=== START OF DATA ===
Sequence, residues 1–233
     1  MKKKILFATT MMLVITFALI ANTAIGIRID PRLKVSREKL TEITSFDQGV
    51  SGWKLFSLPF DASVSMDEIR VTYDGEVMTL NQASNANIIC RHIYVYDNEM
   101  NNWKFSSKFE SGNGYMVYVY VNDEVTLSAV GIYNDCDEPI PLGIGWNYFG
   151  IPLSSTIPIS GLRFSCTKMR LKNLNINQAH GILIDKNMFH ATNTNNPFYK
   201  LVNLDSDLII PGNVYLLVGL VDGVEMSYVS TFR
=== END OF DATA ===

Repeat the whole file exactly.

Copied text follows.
Sequence, residues 1–233
     1  MKKKILFATT MMLVITFALI ANTAIGIRID PRLKVSREKL TEITSFDQGV
    51  SGWKLFSLPF DASVSMDEIR VTYDGEVMTL NQASNANIIC RHIYVYDNEM
   101  NNWKFSSKFE SGNGYMVYVY VNDEVTLSAV GIYNDCDEPI PLGIGWNYFG
   151  IPLSSTIPIS GLRFSCTKMR LKNLNINQAH GILIDKNMFH ATNTNNPFYK
   201  LVNLDSDLII PGNVYLLVGL VDGVEMSYVS TFR